The four key areas of the Continuous Learning Framework are: 1. Knowledge, skills, values and understanding The knowledge, skills, values and understanding required for each role in social services are shaped through the National Occupational Standards (NOS), a range of formal qualifications and awards, the Codes of Practice and local organisational requirements. The NOS describe the knowledge, skills, values and understanding required for each role in social services. They are statements of competence and are the basis of qualifications such as Scottish Vocational Qualifications (SVQs). NOS are also used in the development of the standards underpinning specific qualifications and awards relevant to the social services workforce. The SSSC provides a common statement about the values that should underpin practice in its Codes of Practice.

    In addition to these national initiatives, each employer will have their own expectations and internal requirements. For example, they will have their own vision, values and priorities which everybody in the organisation will need to understand and put into practice.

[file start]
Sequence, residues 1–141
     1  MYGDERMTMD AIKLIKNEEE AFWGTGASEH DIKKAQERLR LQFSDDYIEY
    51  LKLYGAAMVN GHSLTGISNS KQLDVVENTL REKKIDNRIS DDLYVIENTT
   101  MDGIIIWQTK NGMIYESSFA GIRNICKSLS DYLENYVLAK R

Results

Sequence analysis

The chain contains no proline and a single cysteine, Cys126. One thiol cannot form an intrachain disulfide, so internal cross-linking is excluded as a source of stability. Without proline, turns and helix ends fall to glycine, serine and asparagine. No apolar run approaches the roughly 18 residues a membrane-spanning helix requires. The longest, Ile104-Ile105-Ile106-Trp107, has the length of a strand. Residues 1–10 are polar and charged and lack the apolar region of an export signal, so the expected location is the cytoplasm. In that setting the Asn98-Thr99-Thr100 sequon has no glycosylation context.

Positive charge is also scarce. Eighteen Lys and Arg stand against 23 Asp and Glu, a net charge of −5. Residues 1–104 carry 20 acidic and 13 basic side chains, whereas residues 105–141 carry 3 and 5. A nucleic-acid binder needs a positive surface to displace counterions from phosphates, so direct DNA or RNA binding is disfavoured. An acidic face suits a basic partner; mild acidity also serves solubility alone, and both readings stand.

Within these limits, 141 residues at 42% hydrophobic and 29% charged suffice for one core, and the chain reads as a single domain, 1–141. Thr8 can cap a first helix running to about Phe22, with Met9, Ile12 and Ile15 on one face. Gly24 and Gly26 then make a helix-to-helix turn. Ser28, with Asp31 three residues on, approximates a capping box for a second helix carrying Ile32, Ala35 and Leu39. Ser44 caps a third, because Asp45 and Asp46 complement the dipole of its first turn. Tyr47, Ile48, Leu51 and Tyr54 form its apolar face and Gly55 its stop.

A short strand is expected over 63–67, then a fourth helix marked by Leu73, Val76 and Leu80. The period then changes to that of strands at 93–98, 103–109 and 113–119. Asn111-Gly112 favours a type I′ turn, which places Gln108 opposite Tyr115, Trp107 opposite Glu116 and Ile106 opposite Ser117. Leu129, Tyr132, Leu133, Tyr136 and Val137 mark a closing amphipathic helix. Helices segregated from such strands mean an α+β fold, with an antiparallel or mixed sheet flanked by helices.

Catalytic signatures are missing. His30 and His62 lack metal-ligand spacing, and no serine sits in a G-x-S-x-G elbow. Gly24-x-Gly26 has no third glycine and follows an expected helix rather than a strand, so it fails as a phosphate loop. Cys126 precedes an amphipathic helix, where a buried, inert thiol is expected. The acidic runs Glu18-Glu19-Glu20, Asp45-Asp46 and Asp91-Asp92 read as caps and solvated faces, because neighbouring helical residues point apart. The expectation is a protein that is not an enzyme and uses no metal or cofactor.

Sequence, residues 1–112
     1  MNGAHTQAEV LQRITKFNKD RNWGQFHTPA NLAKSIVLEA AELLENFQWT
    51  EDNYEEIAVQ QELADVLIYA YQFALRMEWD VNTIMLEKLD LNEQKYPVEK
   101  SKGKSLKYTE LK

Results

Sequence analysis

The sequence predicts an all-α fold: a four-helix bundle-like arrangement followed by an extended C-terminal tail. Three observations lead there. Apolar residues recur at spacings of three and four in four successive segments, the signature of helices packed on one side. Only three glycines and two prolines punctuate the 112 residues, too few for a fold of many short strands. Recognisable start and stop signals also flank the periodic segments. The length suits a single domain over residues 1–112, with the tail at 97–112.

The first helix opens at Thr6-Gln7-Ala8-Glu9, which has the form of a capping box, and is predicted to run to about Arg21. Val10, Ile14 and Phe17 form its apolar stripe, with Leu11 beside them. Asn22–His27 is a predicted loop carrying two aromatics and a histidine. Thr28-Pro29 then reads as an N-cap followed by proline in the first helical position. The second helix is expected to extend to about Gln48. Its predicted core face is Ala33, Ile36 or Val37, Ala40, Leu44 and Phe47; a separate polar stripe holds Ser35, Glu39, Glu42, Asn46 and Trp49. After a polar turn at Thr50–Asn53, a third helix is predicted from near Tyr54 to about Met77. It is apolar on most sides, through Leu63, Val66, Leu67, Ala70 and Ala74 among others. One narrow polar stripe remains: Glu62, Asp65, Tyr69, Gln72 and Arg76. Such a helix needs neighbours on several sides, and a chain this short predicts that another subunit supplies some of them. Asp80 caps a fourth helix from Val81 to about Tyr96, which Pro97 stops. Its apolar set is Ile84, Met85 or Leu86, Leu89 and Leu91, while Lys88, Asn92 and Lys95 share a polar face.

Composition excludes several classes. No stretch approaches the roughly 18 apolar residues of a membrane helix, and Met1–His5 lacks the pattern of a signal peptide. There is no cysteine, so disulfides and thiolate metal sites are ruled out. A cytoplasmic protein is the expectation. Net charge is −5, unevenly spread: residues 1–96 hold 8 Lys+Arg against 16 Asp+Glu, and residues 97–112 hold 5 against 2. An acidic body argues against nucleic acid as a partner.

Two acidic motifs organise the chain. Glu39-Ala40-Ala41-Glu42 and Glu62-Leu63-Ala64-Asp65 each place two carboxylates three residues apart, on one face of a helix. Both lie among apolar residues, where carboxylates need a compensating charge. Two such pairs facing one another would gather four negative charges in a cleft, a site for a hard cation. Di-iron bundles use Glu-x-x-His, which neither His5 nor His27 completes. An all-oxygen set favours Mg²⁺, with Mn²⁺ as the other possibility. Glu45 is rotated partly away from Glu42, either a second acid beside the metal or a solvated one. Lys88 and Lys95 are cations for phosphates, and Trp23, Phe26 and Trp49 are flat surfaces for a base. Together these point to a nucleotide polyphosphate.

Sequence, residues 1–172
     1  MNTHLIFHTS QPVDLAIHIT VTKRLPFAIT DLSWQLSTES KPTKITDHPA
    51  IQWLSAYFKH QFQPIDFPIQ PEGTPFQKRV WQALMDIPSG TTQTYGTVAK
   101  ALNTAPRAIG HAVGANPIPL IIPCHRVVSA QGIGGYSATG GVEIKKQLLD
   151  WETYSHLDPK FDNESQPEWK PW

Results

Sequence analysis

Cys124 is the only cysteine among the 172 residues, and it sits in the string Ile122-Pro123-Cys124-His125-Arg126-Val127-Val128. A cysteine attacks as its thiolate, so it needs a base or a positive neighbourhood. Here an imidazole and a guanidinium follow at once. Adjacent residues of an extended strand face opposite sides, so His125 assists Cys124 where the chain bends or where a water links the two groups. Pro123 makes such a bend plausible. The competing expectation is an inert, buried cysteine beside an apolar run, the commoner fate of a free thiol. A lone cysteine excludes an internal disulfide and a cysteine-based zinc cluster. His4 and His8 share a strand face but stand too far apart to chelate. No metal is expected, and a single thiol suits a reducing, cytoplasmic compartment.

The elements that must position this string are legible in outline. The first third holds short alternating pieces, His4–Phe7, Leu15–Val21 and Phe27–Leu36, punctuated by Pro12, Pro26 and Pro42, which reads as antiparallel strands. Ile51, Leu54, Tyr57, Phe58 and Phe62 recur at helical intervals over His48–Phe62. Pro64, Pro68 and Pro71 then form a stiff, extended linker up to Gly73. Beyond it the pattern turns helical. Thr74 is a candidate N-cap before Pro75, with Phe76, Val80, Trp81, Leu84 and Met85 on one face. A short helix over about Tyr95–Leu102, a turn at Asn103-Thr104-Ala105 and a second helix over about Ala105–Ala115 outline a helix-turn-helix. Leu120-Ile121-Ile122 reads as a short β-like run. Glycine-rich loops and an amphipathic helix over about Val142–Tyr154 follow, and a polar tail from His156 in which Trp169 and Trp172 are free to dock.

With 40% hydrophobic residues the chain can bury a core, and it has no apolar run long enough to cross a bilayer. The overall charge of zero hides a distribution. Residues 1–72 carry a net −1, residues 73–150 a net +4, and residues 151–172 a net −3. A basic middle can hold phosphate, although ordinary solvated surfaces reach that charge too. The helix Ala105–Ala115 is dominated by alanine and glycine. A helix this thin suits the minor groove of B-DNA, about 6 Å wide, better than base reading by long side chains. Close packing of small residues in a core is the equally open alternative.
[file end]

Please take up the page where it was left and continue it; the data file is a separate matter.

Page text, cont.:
2. Qualifications and training The qualifications and training a person requires will also vary depending upon the requirements of the job role they undertake. This is largely

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  • determined by the Scottish Social Services Council’s registration requirements. Further details about registration and qualification requirements are available on the SSSC’s website at www.sssc.uk.com Again, the employer is likely to make additional requirements that are specific to their particular organisation. For example, all organisations are likely to require their employees to participate in an induction programme, many will require training on the protection of children and/or vulnerable adults and on health and safety.

    3. Personal capabilities While the first two areas of the Continuous Learning Framework are already well established in Scotland, the second two areas are new additions and have been developed specifically for this Framework. The new areas are the personal capabilities and the organisational capabilities. These aim to outline the shared commitment required by both the individu